Reply
  18. MRW

    Let’s put on our waders and rubber gloves, shall we?

    You’re going to need more than that. He’s driving the Honey Wagon.

    Reply
  19. steelhead23

    Lambert, At first I thought you were bashing Nick Mankiw for some Onion-esque satire. Then, I took the time to go to his blog. Dear me, you are right. If Mankiw is not paid to spew such garbage, then he’s a fool. If, on the other hand, and as seems far more likely, he is pulling down a bit of “friend” money from the 0.0001, then he is an adept tool and well beyond redemption, for: ““It is difficult to get a man to understand something, when his salary depends on his not understanding it.” – U. Sinclair

    Reply
  20. Jackrabbit

    While Lambert sheds some light on inequality, one might well ask: Does it really matter what Mankiw has to say? After all, its so predictable.

    Anyone that can understand and appreciate the class analysis that Hugh offers, should be able to connect the dots to include those who shrill for the uber-rich, TBTF leeches, the security state that protects them, etc.

    Anyone whose income relies on industry (especially FIRE) and/or wealthy benefactors is likely to talk up the rich. In this way, establishment economists, are ‘owned’ as much as corporate MSM. As such, they will wring their hands over obvious abuses, while remaining respectful and solicitous of the rich and those individuals and institutions that serve powerful interests.

    Furthermore, Mankiw’s Op-Ed is not coming out-of-the-blue. What is going on now is a massive ‘appreciate the rich’ campaign and an effort (especially by the Obama Administration) to push easy and self-serving ‘solutions’ like increasing the minimum wage so that the ‘deserving poor’ can live without too much hardship. Although Lambert mentions Larry Summers and others who have recently talked about “inequality” this point is not really conveyed here.

    Lastly, the theoretical constructs that allows economists like Mankiw to spout this nonsense should not be ignored. Why do economists allow other economists to distort economics such that it becomes propaganda? Whatever happended to academic integrity? For example, pollution, the poor, etc. are treated as indeo-syncratic failures that can not be incorporated in a model of rational actors and rational markets. Accordingly, government is left to deal with such failures by social policy and regulation.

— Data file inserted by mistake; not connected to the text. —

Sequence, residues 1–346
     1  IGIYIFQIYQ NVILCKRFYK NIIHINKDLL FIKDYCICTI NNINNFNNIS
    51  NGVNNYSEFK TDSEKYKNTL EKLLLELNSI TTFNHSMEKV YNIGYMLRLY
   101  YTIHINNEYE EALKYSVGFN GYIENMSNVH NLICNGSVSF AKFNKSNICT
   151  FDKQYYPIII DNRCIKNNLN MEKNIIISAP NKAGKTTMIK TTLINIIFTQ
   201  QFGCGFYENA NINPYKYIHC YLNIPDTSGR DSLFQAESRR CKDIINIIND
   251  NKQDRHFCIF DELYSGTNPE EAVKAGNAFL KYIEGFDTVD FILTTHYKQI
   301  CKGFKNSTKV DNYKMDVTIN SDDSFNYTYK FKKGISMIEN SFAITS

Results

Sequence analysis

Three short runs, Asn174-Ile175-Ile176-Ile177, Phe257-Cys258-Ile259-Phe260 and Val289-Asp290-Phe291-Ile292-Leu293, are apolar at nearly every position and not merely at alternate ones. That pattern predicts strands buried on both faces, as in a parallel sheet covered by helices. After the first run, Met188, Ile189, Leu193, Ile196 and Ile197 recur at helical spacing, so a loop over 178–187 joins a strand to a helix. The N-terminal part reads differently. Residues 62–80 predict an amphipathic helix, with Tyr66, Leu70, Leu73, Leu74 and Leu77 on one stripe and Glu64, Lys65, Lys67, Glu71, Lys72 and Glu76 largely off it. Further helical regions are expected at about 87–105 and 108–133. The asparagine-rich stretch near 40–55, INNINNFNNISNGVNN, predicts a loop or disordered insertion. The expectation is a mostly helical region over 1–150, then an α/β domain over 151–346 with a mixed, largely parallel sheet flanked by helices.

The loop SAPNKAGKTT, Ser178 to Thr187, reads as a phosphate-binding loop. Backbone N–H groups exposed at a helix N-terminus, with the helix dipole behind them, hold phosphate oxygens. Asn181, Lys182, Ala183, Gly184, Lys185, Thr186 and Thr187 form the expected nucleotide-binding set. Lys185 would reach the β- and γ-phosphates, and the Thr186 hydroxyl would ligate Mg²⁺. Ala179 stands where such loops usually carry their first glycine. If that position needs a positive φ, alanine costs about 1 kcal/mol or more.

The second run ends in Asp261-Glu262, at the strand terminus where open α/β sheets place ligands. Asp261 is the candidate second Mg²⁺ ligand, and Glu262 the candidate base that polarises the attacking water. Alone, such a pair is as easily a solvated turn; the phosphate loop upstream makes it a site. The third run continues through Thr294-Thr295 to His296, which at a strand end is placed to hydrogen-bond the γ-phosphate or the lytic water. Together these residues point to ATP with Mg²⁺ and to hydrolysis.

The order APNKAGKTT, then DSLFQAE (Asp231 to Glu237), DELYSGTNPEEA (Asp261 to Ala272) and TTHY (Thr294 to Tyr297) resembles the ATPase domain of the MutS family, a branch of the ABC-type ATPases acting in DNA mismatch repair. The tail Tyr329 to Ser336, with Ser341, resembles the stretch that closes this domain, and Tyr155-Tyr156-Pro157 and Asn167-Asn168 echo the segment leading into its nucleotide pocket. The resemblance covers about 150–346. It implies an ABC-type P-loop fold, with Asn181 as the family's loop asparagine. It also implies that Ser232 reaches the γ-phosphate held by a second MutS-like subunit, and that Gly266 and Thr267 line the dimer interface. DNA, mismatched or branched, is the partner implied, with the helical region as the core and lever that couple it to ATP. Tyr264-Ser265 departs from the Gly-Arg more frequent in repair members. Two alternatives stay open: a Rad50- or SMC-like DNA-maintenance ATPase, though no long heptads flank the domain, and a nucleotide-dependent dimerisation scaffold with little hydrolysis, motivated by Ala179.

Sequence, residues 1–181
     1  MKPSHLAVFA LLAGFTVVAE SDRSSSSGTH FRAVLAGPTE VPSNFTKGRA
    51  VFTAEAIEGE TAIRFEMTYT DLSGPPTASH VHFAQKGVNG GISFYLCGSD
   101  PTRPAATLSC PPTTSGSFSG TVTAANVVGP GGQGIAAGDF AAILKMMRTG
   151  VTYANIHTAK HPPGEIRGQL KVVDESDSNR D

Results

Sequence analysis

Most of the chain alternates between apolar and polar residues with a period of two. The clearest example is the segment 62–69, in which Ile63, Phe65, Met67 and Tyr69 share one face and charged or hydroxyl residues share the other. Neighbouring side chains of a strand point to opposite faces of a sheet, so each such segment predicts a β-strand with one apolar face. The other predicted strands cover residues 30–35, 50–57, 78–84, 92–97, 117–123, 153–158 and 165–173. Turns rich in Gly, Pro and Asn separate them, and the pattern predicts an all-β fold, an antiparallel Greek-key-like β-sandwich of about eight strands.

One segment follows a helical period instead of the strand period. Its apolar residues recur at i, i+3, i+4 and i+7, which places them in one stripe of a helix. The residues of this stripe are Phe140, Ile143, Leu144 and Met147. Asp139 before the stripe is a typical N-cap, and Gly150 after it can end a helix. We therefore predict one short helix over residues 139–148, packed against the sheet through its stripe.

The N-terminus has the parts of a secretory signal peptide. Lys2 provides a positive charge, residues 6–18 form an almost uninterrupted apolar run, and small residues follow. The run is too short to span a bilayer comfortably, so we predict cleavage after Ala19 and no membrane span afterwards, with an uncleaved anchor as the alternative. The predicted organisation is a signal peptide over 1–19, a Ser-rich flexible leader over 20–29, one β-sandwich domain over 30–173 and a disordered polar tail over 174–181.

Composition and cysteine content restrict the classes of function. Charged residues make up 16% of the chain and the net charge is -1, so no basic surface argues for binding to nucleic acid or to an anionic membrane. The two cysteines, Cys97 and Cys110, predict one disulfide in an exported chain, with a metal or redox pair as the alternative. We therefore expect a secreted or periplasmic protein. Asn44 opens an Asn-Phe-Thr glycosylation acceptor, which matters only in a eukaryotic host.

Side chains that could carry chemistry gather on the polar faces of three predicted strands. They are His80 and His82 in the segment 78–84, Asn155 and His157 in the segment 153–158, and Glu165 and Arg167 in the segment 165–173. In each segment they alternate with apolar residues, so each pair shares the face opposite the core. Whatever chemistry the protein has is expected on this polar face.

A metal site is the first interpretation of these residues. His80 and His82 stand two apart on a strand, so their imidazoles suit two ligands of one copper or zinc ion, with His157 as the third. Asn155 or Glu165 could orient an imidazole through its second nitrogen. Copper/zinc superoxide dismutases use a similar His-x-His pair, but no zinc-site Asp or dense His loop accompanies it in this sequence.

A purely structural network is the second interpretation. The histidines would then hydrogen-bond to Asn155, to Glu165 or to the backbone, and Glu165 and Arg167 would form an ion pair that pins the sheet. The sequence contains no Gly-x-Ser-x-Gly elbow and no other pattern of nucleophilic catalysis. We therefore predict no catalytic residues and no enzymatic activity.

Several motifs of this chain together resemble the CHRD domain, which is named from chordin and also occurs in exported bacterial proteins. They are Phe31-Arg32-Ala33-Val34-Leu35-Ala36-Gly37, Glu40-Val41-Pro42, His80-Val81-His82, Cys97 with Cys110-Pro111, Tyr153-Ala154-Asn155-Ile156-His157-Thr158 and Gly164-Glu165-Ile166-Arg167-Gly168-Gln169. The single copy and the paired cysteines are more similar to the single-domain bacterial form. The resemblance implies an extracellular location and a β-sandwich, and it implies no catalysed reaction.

Economists have no business commenting on matters that they explicitly ignore. Any who do attempt to ‘move beyond the models’ should do so honestly. Mankiw’s “income variability”(1) and Krugman-Summer’s advocacy of bubbles are shameful distortions that transparently serve wealthy interests. As long as economists continue to meekly allow fellow economists to do such harm to the social/policy discourse, they ALL share the blame for that harm.

    (1) Of course bankers have a higher degree of income variability. Their incomes are so high that a small amount of turnover in the industry is going to make their incomes seem much more variable than those whose incomes are much less. Those who enjoy higher incomes generally EXPECT such variability and have substantial savings and other resources to manage it.

    Reply
  21. Hugh

    We need to ask how such a clown as Greg Mankiw achieved such a high and honored place among our elites. It was not some great miscarriage of intellectual justice. It was not some terrible gaffe in the system. It was not the tragic degeneration of a once great mind. Mankiw does what he was carefully vetted and credentialed and, of course, well paid to do. He is part of the apparatus of kleptocracy, one of its chief defenders and apologists.

    He gives from Harvard’s hallowed halls academia’s imprimatur to the kleptocratic enterprise. He wrote the textbook that trained, and misinformed, a generation of budding economists and shaped the public perception about what economics and the economy were. The rich and elites could have paid him a dozen times what they have given him and heaped even more accolades on him, and the services he has rendered them would still be cheap at the price. And now that some of us are on to him he performs yet one more service to them. His absurd, pathetic defenses distract attention away from their criminality. Mankiw the loyal footsoldier of kleptocracy to the end. If he ever has a rendez-vous with a lamppost, I can not help but think he will feel both horribly ill-used and validated at the same time.

    Reply
  22. casino implosion

    Ah, yes: Wall Street.On the case since the early 19th century. Thank goodness that our cocaine-fueled betters are ceaselessly allocating capital to its most efficient uses!